How Ag Retailers Are Helping Micronutrient Manufacturers Capitalize on Strong Market Demand

Grower Retailer Soil Sampling Photo The Mosaic Company

Even a pandemic hasn’t slowed demand for micronutrients in 2021 as retailers remain critical in launching new products. Photo credit: The Mosaic Company


Despite what might be happening to the rest of the world, those who manufacture and sell micronutrient products have seen little disruption to their operations. And for many 2020 and 2021 have exceeded expectations.

“It’s exciting and tight; that’s how I would best describe the state of micronutrients right now,” says Chuck Anderson, VP and General Manager of The Andersons liquid specialty business.

COVID-19 certainly complicated things, but a major factor has been “grain prices, coming up so fast. There was just no time to react. There are so many different factors, so you have all these different things impacting commerce today and a super tight labor market — the tightest I’ve ever seen,” he says.

The key was ensuring supply remained available so retailers could meet customer needs.

“For the micronutrient market in 2021 we really stepped into the middle of it,” says Michael Berry, Koch’s Director of Ag Market Portfolio. “We stepped into a market with strong fundamentals — high commodity prices, decent weather conditions where growers were really wanting to push for maximum yields and so, as a result of that, we saw stronger demand later into the growing season than we really anticipated.”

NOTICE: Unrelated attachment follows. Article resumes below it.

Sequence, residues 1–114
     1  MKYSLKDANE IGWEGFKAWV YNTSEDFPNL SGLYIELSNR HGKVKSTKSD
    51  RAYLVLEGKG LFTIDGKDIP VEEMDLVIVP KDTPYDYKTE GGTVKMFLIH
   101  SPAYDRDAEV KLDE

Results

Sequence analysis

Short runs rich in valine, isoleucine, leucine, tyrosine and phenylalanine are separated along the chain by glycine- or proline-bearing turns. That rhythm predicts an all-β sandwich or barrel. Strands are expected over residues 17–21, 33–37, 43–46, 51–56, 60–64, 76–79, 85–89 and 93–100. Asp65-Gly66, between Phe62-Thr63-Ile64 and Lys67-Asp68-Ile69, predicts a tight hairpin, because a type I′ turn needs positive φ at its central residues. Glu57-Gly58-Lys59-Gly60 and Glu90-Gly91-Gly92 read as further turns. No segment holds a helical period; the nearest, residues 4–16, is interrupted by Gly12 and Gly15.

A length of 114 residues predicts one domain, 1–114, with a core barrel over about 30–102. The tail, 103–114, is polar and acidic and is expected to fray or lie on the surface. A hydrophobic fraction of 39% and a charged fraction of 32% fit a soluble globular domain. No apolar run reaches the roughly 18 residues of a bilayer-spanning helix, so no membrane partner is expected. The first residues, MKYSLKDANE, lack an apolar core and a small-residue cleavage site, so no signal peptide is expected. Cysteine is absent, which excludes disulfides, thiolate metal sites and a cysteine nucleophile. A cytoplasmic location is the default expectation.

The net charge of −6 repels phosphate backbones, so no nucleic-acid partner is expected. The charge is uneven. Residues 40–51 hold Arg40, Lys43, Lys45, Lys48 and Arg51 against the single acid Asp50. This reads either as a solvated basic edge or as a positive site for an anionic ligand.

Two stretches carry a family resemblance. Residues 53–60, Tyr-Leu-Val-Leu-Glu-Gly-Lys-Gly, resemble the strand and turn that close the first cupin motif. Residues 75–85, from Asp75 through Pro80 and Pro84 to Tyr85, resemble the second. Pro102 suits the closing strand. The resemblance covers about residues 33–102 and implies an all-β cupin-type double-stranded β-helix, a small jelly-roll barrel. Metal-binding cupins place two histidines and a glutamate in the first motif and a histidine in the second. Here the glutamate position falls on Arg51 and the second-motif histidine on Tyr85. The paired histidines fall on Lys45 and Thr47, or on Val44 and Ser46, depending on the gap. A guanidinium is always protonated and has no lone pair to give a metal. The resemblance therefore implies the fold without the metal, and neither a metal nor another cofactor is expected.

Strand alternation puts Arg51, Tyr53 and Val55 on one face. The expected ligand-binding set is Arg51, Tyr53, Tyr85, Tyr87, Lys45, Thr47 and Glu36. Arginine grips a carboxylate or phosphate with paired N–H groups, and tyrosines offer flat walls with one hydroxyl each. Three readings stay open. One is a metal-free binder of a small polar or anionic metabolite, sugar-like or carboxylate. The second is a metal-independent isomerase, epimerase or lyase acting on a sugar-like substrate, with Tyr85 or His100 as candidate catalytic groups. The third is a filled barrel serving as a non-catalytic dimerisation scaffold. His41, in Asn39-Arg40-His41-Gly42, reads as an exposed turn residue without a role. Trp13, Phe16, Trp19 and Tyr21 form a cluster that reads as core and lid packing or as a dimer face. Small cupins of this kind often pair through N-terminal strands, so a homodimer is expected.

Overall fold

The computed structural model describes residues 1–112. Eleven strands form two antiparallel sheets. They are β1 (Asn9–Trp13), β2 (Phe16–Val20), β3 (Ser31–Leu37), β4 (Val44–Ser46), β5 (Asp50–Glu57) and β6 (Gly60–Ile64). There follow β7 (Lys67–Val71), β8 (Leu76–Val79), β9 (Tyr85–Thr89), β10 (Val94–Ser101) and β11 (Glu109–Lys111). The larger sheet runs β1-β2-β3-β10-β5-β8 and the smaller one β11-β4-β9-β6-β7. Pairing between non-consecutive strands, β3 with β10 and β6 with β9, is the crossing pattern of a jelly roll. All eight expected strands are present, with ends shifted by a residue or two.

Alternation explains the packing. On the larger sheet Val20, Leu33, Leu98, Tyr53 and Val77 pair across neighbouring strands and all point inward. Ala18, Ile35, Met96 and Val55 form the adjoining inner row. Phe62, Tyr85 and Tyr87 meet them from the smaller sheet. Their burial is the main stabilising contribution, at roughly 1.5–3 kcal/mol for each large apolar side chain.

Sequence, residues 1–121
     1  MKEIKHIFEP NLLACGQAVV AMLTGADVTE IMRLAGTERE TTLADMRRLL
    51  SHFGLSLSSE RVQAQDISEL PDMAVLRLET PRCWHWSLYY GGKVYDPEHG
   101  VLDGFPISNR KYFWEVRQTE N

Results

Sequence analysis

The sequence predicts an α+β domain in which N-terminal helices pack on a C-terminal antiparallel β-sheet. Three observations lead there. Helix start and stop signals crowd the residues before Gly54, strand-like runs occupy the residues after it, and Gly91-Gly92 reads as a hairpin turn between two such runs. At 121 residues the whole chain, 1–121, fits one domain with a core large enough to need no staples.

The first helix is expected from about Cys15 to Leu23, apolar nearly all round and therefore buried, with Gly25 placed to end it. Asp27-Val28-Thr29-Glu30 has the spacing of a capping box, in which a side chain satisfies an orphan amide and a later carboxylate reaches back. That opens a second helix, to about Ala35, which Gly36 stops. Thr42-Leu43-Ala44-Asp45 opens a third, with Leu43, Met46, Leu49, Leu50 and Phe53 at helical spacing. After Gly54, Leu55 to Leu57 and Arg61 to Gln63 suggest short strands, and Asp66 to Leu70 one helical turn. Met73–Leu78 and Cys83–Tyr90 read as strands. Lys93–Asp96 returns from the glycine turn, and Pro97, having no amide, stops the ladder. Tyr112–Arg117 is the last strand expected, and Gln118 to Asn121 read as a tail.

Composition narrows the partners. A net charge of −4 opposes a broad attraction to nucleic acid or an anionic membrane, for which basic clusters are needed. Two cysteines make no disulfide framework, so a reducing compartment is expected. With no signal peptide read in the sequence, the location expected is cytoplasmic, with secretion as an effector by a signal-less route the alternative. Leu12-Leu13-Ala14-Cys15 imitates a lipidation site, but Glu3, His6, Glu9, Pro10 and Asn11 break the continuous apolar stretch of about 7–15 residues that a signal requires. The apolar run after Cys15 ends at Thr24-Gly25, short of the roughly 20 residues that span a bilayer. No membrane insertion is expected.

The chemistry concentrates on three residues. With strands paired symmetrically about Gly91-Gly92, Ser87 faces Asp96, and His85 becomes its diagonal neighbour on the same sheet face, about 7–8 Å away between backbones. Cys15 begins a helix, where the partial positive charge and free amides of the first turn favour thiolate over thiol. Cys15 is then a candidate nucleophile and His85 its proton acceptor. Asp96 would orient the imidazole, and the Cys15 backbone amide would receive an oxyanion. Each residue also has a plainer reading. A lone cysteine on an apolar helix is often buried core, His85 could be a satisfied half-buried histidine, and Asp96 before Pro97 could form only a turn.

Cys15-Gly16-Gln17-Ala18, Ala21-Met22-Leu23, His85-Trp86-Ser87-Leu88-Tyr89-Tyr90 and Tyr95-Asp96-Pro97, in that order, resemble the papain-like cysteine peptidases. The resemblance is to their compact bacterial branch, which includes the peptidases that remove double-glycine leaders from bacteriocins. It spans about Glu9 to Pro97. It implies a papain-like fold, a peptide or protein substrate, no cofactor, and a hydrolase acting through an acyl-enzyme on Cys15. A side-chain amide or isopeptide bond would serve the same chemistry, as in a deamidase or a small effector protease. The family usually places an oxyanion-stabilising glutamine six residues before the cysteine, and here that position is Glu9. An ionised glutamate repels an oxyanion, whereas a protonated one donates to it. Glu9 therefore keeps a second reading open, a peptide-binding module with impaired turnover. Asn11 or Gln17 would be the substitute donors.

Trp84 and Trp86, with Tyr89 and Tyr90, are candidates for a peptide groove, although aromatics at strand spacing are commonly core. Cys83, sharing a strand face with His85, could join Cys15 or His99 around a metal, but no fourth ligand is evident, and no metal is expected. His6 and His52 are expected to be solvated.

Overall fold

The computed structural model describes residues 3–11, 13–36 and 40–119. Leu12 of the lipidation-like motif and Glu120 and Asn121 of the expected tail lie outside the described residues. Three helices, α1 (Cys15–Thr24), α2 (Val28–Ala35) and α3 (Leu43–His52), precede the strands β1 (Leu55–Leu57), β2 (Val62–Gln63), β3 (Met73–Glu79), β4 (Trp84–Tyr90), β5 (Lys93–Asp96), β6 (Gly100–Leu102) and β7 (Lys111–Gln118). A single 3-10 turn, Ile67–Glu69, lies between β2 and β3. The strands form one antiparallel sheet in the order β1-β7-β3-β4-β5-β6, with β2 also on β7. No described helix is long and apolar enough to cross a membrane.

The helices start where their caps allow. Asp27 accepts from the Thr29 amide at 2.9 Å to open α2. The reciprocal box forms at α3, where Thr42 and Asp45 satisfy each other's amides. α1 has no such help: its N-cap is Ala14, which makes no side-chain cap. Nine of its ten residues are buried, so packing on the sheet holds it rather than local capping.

“We were able to capitalize on that and recognize some sales that we didn’t really count on as part of our bet for the (Compass Minerals) acquisition, but we had supply. We never ran short, so we were able to supply our customers’ needs later in the growing season. The micronutrient market for this growing season has been strong and for us it was stronger than expected.

“We’re seeing that micronutrients are a key or one of the key pieces to help achieve those next yield goals and to help address the issues that they’re having,” Berry continues.

Jake Socherman, Vice President of Strategic Engagement at Verdesian Life Science, has seen both sides to the COVID-19 coin.

“Micronutrients continue to be an integral part of a complete nutrition program that will aid a farmer to achieve their potential yield,” he says. “So along with strong commodity prices, demand for micronutrients continues to be growing throughout agricultural markets. The 2020-21 micronutrients season presented some deeper challenges regarding supply chain and freight costs which have come in the form of product shortages, longer lead-times, and price increases.